05/07/2020

LCO Pro: The New Crop of LCO Professionals

Categories: LCO 101

If you’ve labored in the trenches as a volunteer for your local climbing organization (LCO), getting paid to work for an LCO may seem like a dream job, or a way to take your LCO’s work to the next level. Although the majority of LCOs are volunteer-run, a growing number are making the leap to paid staff to support larger operations and make their organizations more effective and sustainable. It’s not easy, but the move is paying off for these groups, their climbing areas, and the communities they serve.

In this new LCO Pro series, we’ll be interviewing LCO professionals from all over the U.S. to give you an honest look at the reality of their day-to-day jobs, provide insight into the transition from volunteers to paid staff, and learn what drives them to keep coming back every day to care for their local crags.

Meet the LCO Pros

In this first installment, we’ll introduce you to these leaders as they share how they got started in their roles and what their goals are for their positions.

Andrea Hassler, Executive Director, Southeastern Climbers Coalition

“I started in May 2019, so I’m about to celebrate my one-year jobversary. Some of my original goals were to work on our organizational structure for maximum efficiency and transferability, increase the capacity of our stewardship program and corporate partnerships, and reduce our Denny Cove loan debt by half. Currently, I’m focusing on our financial organization and strategic planning. This project will take a while, but we are beginning our baseline resource inventory field assessments this summer. With the help of our local university’s GIS lab, we will produce maps to prioritize our stewardship and acquisition efforts, driving a strategic plan for future conservation projects. We expect to make the final payment on our Denny Cove loan in January 2021.”

Kate Beezley, Executive Director, Boulder Climbing Community

"I have been in this role almost two years. My goal has been to increase our community. We have done excellent work on the stewardship side, and now we’re working to grow the sense of identity and community that ultimately creates buy-in to the stewardship work. We’ve also been working to provide more organization for our volunteers. We have, if the predictions are correct, close to 100,000 people climbing along the Front Range on any given day. That is a lot of climber impacts to manage, but first we have to get the community bought-in and involved."

Mike Reardon, Executive Director, Carolina Climbers Coalition

“I have been the executive director of the Carolina Climbers Coalition since February 2019. My major role is to bolster our mission as a nonprofit and work with our amazing board of directors. My daily work includes managing stewardship projects, supporting climbing area representatives, fundraising and grant writing, community building, and attending meetings that support access and stewardship.”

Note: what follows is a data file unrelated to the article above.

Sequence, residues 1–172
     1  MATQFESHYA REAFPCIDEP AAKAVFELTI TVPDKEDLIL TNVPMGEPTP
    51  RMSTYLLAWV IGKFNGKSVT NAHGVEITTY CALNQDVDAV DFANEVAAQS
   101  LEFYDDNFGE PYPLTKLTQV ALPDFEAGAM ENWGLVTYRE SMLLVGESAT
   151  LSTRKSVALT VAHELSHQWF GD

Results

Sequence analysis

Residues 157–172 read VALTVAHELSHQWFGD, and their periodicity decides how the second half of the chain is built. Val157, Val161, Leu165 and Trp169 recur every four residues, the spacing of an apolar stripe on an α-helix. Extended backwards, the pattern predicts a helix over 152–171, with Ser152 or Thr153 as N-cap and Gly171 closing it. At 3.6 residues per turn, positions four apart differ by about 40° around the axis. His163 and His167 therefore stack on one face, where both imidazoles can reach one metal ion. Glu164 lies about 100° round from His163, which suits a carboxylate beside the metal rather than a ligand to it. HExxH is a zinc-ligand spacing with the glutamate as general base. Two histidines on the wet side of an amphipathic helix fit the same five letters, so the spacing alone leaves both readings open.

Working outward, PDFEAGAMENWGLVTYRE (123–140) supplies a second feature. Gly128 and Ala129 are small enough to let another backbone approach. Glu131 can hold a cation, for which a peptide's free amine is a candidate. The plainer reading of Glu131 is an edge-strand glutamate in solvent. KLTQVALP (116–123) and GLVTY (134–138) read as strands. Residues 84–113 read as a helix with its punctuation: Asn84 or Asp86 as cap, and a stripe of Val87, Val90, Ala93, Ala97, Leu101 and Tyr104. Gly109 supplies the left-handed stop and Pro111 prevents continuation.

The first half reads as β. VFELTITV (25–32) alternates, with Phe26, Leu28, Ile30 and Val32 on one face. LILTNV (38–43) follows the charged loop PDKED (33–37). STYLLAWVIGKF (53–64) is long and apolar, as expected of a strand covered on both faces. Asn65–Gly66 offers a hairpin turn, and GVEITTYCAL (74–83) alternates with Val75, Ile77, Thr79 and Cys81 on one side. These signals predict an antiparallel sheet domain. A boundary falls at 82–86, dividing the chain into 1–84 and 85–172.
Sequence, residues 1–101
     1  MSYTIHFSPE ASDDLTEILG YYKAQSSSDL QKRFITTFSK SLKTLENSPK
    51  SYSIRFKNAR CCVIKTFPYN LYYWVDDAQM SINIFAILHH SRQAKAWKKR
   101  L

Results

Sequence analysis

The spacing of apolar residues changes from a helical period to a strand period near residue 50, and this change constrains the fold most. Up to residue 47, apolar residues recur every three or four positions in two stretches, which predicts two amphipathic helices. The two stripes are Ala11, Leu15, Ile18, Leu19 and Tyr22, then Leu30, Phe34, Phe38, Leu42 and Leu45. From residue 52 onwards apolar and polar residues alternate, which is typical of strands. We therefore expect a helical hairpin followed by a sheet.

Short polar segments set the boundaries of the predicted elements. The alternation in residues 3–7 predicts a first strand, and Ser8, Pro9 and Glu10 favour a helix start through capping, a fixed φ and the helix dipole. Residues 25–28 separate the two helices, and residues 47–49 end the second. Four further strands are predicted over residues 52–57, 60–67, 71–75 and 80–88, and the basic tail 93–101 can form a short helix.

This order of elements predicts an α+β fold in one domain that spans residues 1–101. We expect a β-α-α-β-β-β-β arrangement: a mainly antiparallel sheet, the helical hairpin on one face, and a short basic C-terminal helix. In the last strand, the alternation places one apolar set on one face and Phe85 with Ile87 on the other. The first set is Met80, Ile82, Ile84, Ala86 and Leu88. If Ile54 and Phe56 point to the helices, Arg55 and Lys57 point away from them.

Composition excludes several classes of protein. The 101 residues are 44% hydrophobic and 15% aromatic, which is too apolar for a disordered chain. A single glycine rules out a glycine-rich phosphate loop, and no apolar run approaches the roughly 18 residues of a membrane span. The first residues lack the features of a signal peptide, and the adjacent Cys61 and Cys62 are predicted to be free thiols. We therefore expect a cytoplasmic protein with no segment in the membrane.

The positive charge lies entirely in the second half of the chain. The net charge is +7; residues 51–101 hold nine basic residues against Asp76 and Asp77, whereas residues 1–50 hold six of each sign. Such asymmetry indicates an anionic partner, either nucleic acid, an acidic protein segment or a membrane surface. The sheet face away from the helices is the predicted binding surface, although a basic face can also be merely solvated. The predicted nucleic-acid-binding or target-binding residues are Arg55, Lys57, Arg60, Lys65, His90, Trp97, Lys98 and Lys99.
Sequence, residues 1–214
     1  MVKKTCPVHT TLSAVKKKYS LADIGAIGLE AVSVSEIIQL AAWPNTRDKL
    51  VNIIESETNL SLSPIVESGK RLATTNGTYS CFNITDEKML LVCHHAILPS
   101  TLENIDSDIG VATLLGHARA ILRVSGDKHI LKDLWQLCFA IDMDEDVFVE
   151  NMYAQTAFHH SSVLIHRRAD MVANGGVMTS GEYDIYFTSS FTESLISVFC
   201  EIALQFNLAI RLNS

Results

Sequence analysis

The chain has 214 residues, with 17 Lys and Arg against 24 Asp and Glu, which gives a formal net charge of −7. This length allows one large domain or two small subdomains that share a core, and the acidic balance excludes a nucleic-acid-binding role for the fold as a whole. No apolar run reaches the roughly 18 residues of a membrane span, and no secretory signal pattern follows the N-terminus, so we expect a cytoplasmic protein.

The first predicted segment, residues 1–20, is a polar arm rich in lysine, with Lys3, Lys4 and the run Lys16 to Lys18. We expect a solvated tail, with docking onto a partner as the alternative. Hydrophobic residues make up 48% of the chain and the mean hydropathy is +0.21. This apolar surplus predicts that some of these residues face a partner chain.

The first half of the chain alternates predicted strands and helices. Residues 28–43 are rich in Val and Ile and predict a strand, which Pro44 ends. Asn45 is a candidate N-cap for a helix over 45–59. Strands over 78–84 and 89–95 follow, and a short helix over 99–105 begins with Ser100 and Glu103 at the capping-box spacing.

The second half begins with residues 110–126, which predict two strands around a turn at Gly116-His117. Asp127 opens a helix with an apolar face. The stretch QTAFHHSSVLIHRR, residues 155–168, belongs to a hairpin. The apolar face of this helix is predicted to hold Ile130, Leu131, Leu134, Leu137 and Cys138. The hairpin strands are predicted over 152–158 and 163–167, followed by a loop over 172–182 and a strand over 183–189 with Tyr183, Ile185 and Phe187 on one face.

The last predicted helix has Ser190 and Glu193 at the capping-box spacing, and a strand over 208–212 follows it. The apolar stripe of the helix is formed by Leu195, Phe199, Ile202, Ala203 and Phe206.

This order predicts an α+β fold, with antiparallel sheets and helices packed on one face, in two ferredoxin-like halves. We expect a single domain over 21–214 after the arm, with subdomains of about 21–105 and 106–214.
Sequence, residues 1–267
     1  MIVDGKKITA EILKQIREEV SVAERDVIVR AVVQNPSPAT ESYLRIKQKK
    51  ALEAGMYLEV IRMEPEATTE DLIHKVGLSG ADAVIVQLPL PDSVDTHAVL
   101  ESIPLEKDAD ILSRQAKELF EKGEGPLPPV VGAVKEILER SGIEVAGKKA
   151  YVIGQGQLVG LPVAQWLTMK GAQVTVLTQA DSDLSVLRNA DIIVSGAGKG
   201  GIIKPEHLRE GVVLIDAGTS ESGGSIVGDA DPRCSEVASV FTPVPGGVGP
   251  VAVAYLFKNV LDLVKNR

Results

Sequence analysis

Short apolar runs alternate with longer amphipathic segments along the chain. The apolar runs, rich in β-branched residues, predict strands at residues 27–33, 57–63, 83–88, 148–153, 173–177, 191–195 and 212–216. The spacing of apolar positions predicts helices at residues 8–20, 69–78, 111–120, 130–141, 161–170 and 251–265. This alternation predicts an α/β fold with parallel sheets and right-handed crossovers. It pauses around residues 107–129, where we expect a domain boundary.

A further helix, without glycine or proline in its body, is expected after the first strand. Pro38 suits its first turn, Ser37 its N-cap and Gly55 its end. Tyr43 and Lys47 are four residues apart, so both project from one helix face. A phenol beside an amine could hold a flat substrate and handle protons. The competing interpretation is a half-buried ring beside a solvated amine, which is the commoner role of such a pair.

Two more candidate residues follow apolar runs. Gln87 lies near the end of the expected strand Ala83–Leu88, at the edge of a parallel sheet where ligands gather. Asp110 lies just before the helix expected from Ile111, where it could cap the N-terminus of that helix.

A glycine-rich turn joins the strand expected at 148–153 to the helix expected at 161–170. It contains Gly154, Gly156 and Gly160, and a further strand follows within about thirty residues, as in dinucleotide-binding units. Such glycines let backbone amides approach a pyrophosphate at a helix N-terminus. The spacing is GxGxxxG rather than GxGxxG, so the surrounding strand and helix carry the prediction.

Lauren Heerschap, Executive Director, Central Wyoming Climbers’ Alliance

“I’ve been in this role for a little over two years. My goals for the position include: achieving financial stability and sustainability, and formalizing relationships with our land managers through climbing management plans and recreation master plans. I’m also working to strengthen community partnerships through the festival and other outreach programs, as well as support existing youth climbing programs and expand opportunities to the entire county, including the Wind River Reservation. We’re also focused on maintaining and improving access to climbing resources that are at risk or facing indiscriminate closures, as well as providing opportunities for the local climbing community to celebrate climbing together through film events and other gatherings.”

Erik Kloeker, Property Manager, Muir Valley

“I have been the property manager at Muir Valley since 2018. I had big shoes to fill, as the founders—Rick and Liz Weber—are both engineers and very detail-oriented, setting a high standard to live up to. With the help of volunteers, the Webers dedicated a lot of time to the preserve. They made it their full-time job to turn the area into a friendly and inviting place to climb, and they succeeded in just that. My goals as property manager are to continue their vision while making improvements and building on the legacy they’ve left.”

Julia Geisler, Executive Director, Salt Lake Climbers Alliance

“I've been the executive director of SLCA for eight years. My big goal is to ensure SLCA’s ‘why statement’ continues to ring true: ‘We believe in the power of climbing to enrich lives. We ensure the community can continue to go climbing.’ I want to lead the SLCA into a sustainable future, in which the community is inspired to protect the places they love to climb. We’ve set some more specific goals that we aim to hit by 2025, including: complete an inventory of climbing areas within our geographic scope, with associated stewardship plans; establish professional trail and anchor replacement crews; and do impactful programming to encourage responsible use and behavior at the crag.”

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